TCP FLAGS : All you want to know

TCP Flags

In the IT world, when we talk about reliable communication across any systems, TCP is the underlying protocol responsible for such connections to be successfully completed. In this article, we will discuss about basics of TCP and TCP Flags used in TCP header.

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Topic of Content:

  1. Transmission Control Protocol
  2. Three-Way handshake
  3. List of TCP flags
  4. Conclusion

Transmission Control Protocol (TCP)

Transmission Control Protocol is a transport layer protocol. It continuously receives data from the application layer and it divides the data into chunks where each chunk is a collection of bytes. TCP Segment is summation of TCP Header and Data Chunks. TCP segments are encapsulated in the IP datagram.

TCP is majorly used by applications that require guaranteed delivery of packets. It is a sliding window protocol, so it provides handling for both timeouts and retransmissions.

Related – TCP VS UDP

Three-Way Handshake

Establishing a TCP connection requires that both the client and server participate in a three-way handshake.

  1. Sender sends a SYN packet to the receiver.
  2. The receiver responds with a SYN/ACK packet to the sender, acknowledging the receipt of the connection request.
  3. The sender receives the SYN/ACK packet and responds with an ACK packet to receiver.

List of TCP flags

TCP flags are used with TCP packet transfers to indicate a particular connection state. This is required for troubleshooting purposes. Information from Flags also control how a particular connection is handled. There are few TCP flags that are commonly used –

  • URG (1 bit – URGENT): The urgent flag is used to notify the receiver to process the urgent packets before processing all other packets. The receiver will be notified when all data has been received.

 

  • ACK (1 bit – ACKNOWLEDGE): The acknowledgment flag is used to acknowledge the successful receipt of a packet. The receiver sends an ACK as well as a SYN in the second step of the three way handshake process to tell the sender for receiving its initial packet.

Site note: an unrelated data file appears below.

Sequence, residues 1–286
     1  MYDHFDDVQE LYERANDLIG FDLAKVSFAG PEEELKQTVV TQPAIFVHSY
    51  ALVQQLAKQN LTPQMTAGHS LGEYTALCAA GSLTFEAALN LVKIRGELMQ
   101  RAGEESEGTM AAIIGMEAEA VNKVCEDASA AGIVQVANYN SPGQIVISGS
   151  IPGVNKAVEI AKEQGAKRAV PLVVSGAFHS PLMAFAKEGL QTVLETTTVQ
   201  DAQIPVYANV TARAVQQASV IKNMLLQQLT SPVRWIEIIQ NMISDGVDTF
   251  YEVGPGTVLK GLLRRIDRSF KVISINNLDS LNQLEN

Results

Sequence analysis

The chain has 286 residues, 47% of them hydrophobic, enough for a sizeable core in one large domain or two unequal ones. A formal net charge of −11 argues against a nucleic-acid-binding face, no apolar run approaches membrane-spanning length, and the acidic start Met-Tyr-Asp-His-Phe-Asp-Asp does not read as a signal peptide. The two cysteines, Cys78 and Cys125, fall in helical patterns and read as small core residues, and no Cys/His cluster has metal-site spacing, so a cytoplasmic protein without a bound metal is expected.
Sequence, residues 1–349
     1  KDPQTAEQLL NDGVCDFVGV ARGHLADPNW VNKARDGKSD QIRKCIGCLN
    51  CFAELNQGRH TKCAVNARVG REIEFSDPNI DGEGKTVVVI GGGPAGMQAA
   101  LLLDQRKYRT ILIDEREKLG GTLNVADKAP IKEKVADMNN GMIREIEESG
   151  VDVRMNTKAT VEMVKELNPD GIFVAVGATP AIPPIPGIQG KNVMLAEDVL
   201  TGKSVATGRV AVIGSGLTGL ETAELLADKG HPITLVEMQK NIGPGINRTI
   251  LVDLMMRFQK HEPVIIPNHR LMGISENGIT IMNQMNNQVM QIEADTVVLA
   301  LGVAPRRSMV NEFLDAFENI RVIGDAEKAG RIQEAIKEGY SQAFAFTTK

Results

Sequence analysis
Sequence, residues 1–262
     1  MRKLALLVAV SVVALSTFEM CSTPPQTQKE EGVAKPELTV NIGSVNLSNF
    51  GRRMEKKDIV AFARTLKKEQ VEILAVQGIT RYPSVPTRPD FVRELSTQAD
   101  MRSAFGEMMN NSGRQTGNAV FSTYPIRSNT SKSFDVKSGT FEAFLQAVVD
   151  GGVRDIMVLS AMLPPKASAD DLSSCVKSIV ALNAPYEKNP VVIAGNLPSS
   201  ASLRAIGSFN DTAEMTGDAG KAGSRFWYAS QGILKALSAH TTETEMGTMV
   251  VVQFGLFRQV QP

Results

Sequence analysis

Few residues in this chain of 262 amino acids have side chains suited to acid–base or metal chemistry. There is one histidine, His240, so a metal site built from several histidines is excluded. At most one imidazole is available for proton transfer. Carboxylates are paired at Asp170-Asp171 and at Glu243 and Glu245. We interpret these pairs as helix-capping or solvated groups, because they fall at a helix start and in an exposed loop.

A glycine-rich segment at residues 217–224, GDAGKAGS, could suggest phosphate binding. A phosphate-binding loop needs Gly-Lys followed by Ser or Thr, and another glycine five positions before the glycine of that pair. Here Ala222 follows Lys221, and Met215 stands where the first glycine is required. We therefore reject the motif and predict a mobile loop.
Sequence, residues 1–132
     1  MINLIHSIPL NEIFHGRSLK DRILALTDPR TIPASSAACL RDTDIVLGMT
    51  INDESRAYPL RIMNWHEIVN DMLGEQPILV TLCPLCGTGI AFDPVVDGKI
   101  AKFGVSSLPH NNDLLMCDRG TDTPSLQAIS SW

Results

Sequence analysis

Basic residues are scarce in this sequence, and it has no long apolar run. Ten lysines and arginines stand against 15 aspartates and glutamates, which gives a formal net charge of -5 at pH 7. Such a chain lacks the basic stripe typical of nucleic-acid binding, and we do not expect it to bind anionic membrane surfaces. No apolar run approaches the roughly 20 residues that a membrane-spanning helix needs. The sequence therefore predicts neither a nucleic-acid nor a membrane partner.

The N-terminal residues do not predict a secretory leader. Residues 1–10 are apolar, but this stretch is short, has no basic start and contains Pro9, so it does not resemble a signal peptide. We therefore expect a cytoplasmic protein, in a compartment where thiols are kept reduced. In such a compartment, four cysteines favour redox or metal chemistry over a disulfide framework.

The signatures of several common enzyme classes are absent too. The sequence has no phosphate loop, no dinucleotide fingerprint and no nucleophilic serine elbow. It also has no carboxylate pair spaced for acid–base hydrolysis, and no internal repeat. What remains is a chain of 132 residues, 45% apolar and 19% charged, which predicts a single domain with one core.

• PSH (1 bit – PUSH): Push flag is somewhat similar to the URG flag and tells the receiver to process these packets as they are received instead of buffering them.

 

  • RST (1 bit – RESET): Reset the connection. It indicates the receiver to terminate the connection immediately when unrecoverable errors occur. It causes both the sides to release the connection and all its resources abnormally. The transfer of data ceases in both the directions. It may result in the loss of data that is in transit.

 

  • SYN (1 bit – SYNCHRONIZE): It is used in first step of connection establishment phase or 3-way handshake process between the two hosts. This flag should be set to 1 when connection established between sender and receiver. This is used for synchronizing sequence number i.e. to tell the other end which sequence number they should accept.

 

  • FIN (1 bit – FINISH): It is used to request for connection termination i.e. termination of connection between sender and receiver when there is no more data. This is the last packet sent by sender. It frees the utilised resources and gracefully terminates the connection.

Related – TCP FIN VS RST Packets

Conclusion

We discussed about total of 6 flags. The flags are always set to 0 or 1 and all being of 1 bit. They are used in data transmission between sender and receiver. Flags are used to instruct when transmission will start and stop.

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